I don't, but I would like to...
... have one cover or postcard with post mark from each post office from Faroe Islands.
They are not so many, but without you will not be possible.
I'm waiting your feedback... and of course I will support the cost deliveries or I'll send you back some nice cover with stamps from Portugal.

Please e-mail me for details...

Sunday, 15 April 2012

Nordic Issue 2012 - Rescue at Sea

It is widely accepted that the most dangerous of all workplaces is the sea.

Naturally, the effects of this fact are primarily felt by the countries most dependent on the sea, such as the Faroe Islands.

The biggest known accident at sea in the Faroe Islands occurred around the year 1600. A storm suddenly appeared from the northeast and 50 boats never returned home. It is believed that 200 to 300 fishermen were killed in the storm. Because the majority of the boats that did not return home were small, the use of small boats was then prohibited. Thus, this major accident resulted in the first known initiative to make the sea a safer workplace.
But there were still many maritime accidents that claimed the lives of many victims. There are no precise figures, but the victims were in the thousands, making a significant impact on a community as small as the Faroe Islands.
The lives of many fishermen were lost in the first half of the previous century. On more than one occasion, many crews of up to 23 men each disappeared at the same time.
There are also reports from this period of incredible rescue efforts. For example, in 1930 during a snowstorm, the schooner “Ernestine” crashed into a reef off the southern coast of Iceland. A member of the crew, Ziska Jacobsen, swam in the worst imaginable conditions to the shore with a line, enabling the rescue of 17 of the 26 crew members.
It would take another accident before an initiative was taken to establish an actual rescue service in the Faroe Islands. In 1957, the Icelandic trawler “Goðanes” crashed into a reef at the approach to Skálafjørð on the island of Eysturoy. Although there was a willingness to rescue the crew, the Faroe Islands were simply not equipped to handle such a situation. The captain of “Goðanes” died in the accident. Following this accident, the Icelandic rescue company, Slýsavarnafelag Íslands, donated equipment to the Faroese for rescuing crews from ships in distress, sparking the establishment of rescue associations around the Faroe Islands. These rescue associations have been very well equipped. And they have made great efforts when there has been a need for them.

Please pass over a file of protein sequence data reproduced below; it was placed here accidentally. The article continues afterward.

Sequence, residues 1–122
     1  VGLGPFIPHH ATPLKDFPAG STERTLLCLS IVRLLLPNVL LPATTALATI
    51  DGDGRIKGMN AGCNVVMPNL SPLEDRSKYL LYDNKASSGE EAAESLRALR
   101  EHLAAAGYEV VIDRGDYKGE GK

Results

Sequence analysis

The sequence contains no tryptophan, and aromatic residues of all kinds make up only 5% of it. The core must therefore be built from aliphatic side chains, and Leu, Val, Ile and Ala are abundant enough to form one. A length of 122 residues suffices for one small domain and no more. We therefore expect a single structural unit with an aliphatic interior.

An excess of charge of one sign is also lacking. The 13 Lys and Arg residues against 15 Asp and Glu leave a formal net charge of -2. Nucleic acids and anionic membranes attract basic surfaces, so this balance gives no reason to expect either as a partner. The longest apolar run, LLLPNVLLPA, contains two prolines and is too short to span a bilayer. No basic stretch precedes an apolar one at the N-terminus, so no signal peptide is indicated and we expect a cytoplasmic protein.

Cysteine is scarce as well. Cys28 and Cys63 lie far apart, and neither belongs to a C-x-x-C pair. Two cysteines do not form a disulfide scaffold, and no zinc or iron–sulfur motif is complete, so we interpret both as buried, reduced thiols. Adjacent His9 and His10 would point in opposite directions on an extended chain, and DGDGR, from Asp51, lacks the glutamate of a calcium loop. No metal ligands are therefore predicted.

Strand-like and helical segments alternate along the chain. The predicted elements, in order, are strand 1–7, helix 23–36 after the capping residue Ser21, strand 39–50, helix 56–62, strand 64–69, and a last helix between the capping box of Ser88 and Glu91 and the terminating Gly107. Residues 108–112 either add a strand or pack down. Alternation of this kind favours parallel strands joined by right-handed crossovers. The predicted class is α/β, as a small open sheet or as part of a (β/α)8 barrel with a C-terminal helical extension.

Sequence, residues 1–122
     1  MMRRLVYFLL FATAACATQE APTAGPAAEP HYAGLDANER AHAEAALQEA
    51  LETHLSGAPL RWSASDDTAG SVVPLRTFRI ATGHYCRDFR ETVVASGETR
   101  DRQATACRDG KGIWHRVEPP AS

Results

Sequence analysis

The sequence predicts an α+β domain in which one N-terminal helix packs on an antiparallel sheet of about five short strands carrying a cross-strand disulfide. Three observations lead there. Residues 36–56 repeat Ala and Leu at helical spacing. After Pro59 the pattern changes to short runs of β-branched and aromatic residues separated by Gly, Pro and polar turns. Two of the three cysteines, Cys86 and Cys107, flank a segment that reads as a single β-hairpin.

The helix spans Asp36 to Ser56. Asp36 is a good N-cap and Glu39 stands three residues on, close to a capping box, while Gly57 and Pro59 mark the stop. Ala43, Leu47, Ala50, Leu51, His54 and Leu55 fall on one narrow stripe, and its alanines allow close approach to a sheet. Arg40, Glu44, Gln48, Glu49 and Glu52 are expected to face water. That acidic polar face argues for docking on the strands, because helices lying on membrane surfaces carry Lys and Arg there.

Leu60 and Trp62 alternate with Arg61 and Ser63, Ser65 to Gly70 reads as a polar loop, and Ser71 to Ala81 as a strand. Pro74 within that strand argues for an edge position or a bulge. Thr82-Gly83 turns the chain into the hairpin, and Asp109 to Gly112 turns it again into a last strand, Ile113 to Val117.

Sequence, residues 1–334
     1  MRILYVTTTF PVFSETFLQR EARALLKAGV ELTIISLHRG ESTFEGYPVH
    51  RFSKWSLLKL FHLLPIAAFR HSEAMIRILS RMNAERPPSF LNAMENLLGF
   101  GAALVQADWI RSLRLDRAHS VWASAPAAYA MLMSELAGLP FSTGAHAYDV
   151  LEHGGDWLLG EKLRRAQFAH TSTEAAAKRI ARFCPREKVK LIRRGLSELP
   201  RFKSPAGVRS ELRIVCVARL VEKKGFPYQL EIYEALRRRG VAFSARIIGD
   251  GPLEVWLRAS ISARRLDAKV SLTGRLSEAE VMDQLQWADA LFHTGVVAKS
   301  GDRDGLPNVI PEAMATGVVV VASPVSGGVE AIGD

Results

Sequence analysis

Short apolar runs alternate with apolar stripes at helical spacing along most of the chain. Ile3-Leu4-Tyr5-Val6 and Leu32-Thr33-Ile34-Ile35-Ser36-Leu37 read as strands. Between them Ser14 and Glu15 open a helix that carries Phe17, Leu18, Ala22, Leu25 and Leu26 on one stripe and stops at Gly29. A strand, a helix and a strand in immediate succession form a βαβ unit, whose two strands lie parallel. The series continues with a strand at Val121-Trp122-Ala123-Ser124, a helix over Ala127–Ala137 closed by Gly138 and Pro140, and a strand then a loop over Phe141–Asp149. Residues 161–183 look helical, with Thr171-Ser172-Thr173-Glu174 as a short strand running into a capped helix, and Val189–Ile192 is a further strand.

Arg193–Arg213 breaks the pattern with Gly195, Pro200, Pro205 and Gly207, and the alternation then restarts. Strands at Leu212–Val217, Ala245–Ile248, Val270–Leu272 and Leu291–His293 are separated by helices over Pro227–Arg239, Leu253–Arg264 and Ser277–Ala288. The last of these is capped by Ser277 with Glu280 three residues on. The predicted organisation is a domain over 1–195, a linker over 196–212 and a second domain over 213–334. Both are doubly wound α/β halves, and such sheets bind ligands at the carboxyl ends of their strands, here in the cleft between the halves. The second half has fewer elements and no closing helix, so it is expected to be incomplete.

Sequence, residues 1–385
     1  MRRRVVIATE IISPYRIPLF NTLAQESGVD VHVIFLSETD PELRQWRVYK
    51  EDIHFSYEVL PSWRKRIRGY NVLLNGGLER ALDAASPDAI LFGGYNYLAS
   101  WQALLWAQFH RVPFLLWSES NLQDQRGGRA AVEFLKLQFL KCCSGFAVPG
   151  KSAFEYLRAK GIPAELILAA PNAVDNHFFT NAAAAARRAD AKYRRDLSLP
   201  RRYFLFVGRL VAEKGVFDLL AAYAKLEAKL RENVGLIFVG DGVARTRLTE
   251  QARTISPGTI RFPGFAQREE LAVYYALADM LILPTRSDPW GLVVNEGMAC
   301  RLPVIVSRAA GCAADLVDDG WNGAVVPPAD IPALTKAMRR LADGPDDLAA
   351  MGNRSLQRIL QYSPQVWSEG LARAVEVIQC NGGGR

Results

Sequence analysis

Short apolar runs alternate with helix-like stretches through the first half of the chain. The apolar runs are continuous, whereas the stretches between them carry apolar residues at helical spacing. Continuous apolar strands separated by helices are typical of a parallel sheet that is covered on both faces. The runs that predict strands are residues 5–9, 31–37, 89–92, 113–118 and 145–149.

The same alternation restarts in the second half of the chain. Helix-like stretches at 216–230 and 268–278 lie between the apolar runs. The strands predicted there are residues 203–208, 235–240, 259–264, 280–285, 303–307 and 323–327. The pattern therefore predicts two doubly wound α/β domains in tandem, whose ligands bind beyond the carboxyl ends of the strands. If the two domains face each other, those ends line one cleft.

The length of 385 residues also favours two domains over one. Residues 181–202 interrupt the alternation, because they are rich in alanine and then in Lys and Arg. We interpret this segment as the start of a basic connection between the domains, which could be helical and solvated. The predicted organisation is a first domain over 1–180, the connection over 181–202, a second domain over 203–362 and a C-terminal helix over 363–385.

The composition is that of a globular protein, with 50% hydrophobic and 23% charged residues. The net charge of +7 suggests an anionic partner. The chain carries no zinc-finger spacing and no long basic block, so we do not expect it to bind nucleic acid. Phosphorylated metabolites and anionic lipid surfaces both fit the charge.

It took some time before the Faroe Islands established a formal rescue service. This happened in 1976, in connection with the founding of the Fisheries Inspectorate. In addition to fisheries inspection, the inspectorate was also charged with the task of participating in search and rescue efforts at sea in cooperation with the MRCC, Maritime Rescue Coordination Center. The Fisheries Inspectorate also had a cooperation agreement with the large Faroese insurance company. This primarily involved towage and diving assistance. The Fisheries Inspectorate and Ships Inspectorate also cooperate on monitoring the conditions for crews on board ships. The Fisheries Inspectorate examines the crew documents, while the ships are fishing. It has the power to order ships into port if it finds violations of crewing and inspection regulations. The MRCC also cooperates to operate Tórshavn Radio, both agencies under the Ministry of Fisheries. 
MRCC Tórshavn is responsible for initiating and coordinating search and rescue efforts in Faroese waters. Cooperation agreements have been established with various partners, including: Atlantic Helicopters, Island Command Faroes, the Fisheries Inspectorate and our neighbouring countries regarding assistance in emergencies.

MRCC Tórshavn also has the task of receiving notification of oil spills in Faroese waters, organising patient transports by helicopter, forwarding notifications of terrorist threats against Faroese ships (ISPS) and to formulate and announce marine warnings.

The MRCC’s area of operation is out to 200 nautical miles from land, or to the midline between our neighbouring countries. The station is staffed around the clock throughout the year.
For added security, it is required by law that anyone who goes to sea must have taken a safety course, so that crews are well prepared in case of an emergency situation. In addition, ships today are much better equipped for safety, making life at sea much safer today than in the past.
Therefore, work at sea can now be considered a safe occupation. Deaths at sea are now rare, although absolute safety can never be achieved. But when something does happen, everything that can possibly be done to save human lives is done. 
Óli Jacobsen

Technical data:
Values: two stamps of 10,5 kr
Date of issue: 21-III-2012
Artist: Edward Fugl
Stamp size: 29,5 x 38,50 mm
Minisheet size: 105 x 70 mm
Technique: Offset
Printer: OeSD, Austria

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